Worn dentition; The Full mock up concept
Mock-up is not always a tool for aesthetic outcome, it is an excellent predictor of the functional result and an excellent guide for minimal invasive preparations while giving perfect space.
The purpose of this article is to suggest a precise and consistent method that simplifies the treatment of worn dentition. A wax-up and a mock-up are mostly used for designing esthetic outcome, and then used as a preparation guide. As described by the authors, it can as well be used on the posterior occlusal surfaces of the teeth. This not only provides the exact new vertical dimension of occlusion but lets the dentist use it as a guide for precise control of occlusal preparation.
Fig 1.- Worn dentition is a triple challenge for the dentist:
1. Aesthetically, teeth are too short
2. Biologically, we need the tooth structure to be healthy and as intact as possible
3. Functionally, new occlusion arrangement is mandatory in order to lengthen the anterior teeth.
Which kind of treatment planning can we propose to fulfill the previous requirements?. Also when the dentist face these flat smile lines because of the wear process, is important to have a preview of the case, this means to understand the “white” modification (dental) to let the new smile line appear. This can be predicted digitally with pictures or with a device as ditramax to mark with extreme precision on the model with the facial references .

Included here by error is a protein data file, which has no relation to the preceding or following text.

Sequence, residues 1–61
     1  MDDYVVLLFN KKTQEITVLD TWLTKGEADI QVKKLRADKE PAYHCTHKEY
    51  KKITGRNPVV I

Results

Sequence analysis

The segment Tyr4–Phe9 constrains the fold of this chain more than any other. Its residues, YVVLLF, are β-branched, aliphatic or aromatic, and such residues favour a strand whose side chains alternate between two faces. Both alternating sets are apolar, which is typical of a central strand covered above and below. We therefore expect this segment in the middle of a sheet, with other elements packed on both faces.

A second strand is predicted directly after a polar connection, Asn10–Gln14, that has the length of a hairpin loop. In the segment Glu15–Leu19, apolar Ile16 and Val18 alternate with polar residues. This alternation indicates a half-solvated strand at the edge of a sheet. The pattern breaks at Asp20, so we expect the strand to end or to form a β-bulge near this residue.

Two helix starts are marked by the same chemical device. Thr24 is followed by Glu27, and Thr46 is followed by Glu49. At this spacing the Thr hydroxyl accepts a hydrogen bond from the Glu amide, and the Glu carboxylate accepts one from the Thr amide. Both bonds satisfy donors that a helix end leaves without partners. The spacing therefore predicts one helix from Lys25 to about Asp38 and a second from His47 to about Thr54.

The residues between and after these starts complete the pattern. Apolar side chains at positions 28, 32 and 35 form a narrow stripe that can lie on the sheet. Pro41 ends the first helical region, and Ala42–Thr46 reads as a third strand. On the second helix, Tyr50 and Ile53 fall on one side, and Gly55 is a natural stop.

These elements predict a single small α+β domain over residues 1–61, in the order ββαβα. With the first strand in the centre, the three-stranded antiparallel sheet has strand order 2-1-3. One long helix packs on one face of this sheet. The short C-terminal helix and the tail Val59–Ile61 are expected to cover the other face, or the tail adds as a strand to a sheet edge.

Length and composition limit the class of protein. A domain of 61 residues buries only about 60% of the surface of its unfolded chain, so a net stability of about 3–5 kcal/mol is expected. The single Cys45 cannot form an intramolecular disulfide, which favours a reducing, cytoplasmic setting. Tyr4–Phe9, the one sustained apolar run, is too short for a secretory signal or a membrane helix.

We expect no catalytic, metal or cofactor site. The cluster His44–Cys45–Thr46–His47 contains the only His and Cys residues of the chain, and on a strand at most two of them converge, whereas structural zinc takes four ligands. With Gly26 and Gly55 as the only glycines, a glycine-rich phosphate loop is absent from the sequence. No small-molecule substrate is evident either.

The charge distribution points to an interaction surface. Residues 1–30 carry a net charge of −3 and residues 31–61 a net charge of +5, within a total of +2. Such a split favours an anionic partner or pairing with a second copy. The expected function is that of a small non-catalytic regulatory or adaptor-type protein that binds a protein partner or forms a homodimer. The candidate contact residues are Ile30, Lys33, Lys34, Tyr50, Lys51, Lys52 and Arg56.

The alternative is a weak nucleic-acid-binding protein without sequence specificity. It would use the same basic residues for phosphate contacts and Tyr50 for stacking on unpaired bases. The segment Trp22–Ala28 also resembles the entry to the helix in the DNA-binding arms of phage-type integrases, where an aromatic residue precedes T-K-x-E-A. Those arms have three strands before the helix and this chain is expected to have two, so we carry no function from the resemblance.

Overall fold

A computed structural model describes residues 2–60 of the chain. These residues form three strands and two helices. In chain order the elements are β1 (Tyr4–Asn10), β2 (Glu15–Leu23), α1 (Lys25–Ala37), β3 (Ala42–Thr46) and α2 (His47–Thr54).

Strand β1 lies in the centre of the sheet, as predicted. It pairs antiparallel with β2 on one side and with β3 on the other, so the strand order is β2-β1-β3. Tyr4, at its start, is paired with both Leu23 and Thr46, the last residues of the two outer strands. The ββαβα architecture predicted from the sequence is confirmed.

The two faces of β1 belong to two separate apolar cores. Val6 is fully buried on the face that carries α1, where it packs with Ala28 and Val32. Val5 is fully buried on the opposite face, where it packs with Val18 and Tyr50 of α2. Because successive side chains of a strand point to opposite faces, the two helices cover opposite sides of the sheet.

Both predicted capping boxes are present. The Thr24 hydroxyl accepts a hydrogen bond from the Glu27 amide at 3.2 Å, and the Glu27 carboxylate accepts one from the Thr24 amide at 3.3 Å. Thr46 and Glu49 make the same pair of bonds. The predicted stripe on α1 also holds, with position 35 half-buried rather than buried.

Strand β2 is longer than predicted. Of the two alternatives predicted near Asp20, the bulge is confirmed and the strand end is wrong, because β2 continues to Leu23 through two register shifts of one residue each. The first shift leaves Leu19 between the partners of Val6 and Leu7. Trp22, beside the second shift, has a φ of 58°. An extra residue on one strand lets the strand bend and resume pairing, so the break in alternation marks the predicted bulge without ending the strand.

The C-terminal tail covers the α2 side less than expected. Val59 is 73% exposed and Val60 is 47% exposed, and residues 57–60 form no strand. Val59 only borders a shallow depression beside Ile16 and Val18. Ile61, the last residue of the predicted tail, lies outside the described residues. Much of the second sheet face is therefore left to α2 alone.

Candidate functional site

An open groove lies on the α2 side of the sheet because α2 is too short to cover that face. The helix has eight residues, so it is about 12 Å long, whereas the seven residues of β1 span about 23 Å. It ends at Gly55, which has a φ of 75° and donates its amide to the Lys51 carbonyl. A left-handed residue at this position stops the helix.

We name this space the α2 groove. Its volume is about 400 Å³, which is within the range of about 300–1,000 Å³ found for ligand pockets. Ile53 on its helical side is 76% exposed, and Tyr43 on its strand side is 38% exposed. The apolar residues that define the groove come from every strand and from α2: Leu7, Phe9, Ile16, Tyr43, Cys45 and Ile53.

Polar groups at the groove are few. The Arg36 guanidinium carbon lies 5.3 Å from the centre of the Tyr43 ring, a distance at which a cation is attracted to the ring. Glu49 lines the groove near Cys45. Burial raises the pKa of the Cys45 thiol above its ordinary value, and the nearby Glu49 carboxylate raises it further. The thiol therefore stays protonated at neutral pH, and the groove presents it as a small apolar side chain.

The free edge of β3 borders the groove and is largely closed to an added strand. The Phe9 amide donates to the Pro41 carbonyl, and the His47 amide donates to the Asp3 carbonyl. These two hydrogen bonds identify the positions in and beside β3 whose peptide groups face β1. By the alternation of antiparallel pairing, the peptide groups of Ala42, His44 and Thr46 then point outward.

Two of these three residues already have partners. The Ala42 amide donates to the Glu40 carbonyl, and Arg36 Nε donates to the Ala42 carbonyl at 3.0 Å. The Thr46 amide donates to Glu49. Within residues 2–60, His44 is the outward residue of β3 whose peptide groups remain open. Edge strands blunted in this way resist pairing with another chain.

Fig 2.- On the lateral view we can see how the smile line is inverted and the length of the anterior teeth give an unaesthetic display, with lack of continuity between central, lateral and canine.
Fig 3.- The intraoral view shows wear process, most probably due to abrasion phenomena (parafunctionals habits) and erosion (soft drink consumption, Gastroesophagic reflux ). Some dysplasia can be noted in various dental elements, and the patient was not willing to undergo an orthodontic treatment, which would have been ideal to align element 3.1.
Fig 4.- Tooth 2.3 is locked in static position and also not functioning during lateral movement. This observation among many others, confirm the need of increasing VDO in centric position to allow the new incisal edge and canine shape to participate in the natural occlusion movements.
Fig 5.- A silicon index was prepared from the wax up and was cut horizontally in order to evaluate, from the very beginning, the amount of tooth structure that could be removed to ensure a minimum of 0,5 mm thickness for the laminates. In many cases we are 100% additive, although this does not means no prep because of the great challenges that this difficult “no-prep” technique holds (especially for the laboratory and for the cementation procedures).
Fig 6.- Then a full mock-up is performed to visualize the esthetic and functional project for the future situation (luxatemp star DMG ).